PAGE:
Backlog of Units Permitted But Not Started Shows More Starts Will Eventually Arrive

  in   Insights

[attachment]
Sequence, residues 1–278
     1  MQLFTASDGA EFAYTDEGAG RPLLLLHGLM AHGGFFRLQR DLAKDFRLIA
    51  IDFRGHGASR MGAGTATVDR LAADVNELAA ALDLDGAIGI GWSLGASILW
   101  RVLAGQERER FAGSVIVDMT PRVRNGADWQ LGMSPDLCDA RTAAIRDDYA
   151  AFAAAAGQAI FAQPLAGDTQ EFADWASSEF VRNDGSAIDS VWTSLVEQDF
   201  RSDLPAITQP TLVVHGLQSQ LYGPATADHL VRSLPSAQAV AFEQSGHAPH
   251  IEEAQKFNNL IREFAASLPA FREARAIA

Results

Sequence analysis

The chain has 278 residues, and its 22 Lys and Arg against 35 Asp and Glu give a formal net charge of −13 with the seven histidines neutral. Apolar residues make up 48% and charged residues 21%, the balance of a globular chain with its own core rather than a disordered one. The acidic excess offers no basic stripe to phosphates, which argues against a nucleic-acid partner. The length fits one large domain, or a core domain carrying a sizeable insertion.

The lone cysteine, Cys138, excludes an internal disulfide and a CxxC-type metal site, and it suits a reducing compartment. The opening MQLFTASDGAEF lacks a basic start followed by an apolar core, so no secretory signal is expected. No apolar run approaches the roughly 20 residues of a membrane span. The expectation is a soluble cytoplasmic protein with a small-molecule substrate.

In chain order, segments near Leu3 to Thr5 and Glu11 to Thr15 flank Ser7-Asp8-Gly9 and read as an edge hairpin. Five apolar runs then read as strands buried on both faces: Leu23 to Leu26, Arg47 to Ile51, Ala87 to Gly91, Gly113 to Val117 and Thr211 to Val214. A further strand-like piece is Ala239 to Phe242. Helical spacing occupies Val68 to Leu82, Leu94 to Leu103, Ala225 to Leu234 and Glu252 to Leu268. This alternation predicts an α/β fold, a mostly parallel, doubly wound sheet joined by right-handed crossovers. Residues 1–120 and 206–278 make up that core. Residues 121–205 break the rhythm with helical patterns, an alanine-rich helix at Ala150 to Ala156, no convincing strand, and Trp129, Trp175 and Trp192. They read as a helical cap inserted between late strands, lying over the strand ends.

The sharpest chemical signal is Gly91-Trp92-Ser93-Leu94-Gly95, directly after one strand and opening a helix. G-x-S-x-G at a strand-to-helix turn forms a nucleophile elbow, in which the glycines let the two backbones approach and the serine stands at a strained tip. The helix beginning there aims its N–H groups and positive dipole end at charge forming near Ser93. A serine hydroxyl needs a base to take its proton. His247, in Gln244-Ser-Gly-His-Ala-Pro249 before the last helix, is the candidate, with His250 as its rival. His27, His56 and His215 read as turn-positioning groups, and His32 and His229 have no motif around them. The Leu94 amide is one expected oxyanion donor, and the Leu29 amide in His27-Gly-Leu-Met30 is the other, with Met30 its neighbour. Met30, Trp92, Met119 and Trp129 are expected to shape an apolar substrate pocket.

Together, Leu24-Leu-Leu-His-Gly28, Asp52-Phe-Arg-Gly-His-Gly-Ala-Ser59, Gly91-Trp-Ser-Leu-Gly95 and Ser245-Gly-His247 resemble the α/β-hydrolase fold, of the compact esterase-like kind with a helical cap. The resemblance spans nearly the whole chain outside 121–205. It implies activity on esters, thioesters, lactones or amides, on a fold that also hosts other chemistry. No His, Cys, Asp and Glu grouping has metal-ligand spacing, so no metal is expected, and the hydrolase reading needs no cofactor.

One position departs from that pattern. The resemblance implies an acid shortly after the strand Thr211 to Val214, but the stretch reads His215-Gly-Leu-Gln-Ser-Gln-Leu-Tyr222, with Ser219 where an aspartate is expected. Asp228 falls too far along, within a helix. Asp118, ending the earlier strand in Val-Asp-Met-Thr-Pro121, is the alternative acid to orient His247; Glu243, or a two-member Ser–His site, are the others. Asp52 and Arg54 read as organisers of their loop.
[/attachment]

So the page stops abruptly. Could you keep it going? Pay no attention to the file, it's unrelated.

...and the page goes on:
As the number of multifamily starts has risen over the past few years, the number of units authorized but not yet started has climbed as well. Interestingly, the ratio of units not started compared to total multifamily units permitted (or authorized) has increased slightly in 2022. Historically, 21.1% of annualized multifamily permitting is delayed from starting but that ratio increased to 22.9% in 2022. Perhaps the cumulative effect of construction headwinds and financing delays are hindering the normal rate of multifamily development. Although there are concerns of overbuilding with the projected level of completions approaching 600,000 units in 2023 and another 500,000 in 2024, those numbers pale in comparison to historical peaks, according to data from the U.S Census Bureau. Multifamily permitting reached more than 1.2 million units in 1972 during the first wave of garden apartment development that spread across the U.S. Another peak of almost 720,000 units hit in 1985 with another wave of apartment development. In the first wave, the per capita amount of multifamily units was almost 6 units per 1,000 U.S. residents. In 1985, it was about 3 units per 1,000. The per capita rate for 2022’s level of multifamily permitting (a peak of 701,000 units in July 2022) is only 2 units per 1,000 residents.